The final Relatio Synodi 
Commentary on Chapter II of Part I onwards and on the whole of Part II.
As already mentioned some of the clauses are inherited from the 2014 session whilst others were interpolated by the Secretariat in the Instrumentum Laboris (IL). Some clauses are completely new.
Chapter II on 'The Family in the Socio-Economic context' first emphasises the importance of the family as the basic unit of society and secondly insists on public authorities doing everything possible to support the family – clauses 11 and 12.
After a string of interpolated clauses no. 13 is inherited from the 2014 session and is entitled 'Loneliness and Insecurity'. Not much on the the first but quite a lot on the second and it has been revised to make it less Euro-centric dealing with the problems that arise from corruption and economic deprivation.
The next two paragraphs on the Economy and Growth and Poverty and Exclusion rightly draw attention to the problems caused by poverty and marginalised groups but to attribute these problems to some unique unspecified economic system is really an oversimplification.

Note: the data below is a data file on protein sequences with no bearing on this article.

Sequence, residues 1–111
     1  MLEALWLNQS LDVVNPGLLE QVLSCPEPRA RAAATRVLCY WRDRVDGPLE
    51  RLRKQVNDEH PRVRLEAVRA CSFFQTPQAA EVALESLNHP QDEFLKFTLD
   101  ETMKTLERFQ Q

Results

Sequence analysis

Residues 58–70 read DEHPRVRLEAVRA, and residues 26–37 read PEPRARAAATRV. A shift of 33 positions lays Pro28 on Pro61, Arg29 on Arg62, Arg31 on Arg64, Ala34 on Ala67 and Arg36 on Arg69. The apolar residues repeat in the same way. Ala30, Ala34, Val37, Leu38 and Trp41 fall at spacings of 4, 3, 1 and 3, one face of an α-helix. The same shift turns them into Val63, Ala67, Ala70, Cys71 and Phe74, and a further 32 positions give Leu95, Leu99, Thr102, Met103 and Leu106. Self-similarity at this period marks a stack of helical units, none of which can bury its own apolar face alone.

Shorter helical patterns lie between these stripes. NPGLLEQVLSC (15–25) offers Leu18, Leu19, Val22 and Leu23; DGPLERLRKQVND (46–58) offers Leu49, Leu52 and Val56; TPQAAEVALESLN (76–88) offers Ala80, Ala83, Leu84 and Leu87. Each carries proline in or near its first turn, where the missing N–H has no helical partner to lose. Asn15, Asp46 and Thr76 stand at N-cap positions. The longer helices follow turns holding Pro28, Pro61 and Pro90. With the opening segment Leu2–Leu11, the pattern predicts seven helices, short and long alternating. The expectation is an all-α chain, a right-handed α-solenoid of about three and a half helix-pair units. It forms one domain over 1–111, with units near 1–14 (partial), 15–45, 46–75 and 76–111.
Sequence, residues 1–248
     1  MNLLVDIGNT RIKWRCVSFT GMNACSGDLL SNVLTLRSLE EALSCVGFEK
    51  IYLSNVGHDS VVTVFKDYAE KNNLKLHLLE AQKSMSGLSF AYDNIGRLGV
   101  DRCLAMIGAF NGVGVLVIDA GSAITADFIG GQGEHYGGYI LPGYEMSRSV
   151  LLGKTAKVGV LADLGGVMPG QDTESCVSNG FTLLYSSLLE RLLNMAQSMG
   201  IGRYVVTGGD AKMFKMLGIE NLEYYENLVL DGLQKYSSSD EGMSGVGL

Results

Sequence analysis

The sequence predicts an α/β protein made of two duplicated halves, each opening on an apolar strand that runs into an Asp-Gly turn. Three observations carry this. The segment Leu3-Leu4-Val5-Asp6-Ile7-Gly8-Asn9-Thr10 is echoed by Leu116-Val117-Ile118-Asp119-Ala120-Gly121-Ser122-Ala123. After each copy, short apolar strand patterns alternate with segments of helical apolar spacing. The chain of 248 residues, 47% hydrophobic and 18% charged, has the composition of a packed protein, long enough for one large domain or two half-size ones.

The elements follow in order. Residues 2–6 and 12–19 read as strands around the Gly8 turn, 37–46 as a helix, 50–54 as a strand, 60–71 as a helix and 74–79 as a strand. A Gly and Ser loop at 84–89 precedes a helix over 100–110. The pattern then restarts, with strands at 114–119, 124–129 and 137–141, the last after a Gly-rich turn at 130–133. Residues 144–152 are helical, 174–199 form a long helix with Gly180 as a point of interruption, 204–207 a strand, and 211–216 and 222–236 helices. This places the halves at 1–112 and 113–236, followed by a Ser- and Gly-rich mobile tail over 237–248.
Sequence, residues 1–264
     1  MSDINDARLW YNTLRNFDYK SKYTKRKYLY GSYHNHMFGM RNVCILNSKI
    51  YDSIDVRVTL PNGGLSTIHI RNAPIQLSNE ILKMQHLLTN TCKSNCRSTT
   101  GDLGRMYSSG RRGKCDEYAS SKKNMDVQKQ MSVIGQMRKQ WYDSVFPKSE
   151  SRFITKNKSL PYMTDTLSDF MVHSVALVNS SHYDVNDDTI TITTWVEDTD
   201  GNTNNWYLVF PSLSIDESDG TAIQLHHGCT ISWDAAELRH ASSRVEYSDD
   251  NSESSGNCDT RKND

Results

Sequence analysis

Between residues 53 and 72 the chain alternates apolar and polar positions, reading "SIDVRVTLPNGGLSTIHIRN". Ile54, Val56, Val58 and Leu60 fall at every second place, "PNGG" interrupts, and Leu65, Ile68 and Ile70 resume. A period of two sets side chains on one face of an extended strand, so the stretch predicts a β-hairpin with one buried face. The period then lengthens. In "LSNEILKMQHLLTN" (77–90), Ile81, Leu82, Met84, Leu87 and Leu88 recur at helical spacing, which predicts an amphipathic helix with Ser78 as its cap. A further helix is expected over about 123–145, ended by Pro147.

Chapter II concludes with a clause on Ecology and how we should all try and protect our world. Correct but just how is another and somewhat controversial matter.
Chapter III is entitled the Family and Exclusion and first deals with the Elderly. This was first interpolated in the IL but has been rewritten and much improved. A further clause deals with widowhood. Clauses follow about the care of the dying and people with special needs. There is a new clause on the unmarried. All much improved in comparison with the IL.